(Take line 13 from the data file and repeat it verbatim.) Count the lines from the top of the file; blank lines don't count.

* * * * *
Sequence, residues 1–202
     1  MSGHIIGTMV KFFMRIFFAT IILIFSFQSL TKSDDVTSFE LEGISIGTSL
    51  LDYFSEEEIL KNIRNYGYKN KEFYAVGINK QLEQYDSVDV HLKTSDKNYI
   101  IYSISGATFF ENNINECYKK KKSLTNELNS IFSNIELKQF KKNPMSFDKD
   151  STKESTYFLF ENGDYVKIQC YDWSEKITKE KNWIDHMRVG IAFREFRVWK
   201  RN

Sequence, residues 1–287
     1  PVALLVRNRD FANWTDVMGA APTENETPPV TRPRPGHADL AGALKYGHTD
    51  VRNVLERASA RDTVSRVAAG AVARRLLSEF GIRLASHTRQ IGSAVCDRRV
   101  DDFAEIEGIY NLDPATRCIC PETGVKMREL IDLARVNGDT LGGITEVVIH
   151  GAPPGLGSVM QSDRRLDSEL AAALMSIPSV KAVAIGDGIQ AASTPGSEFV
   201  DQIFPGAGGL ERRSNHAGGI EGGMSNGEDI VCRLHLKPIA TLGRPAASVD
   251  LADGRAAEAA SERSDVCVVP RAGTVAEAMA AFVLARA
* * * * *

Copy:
   251  LADGRAAEAA SERSDVCVVP RAGTVAEAMA AFVLARA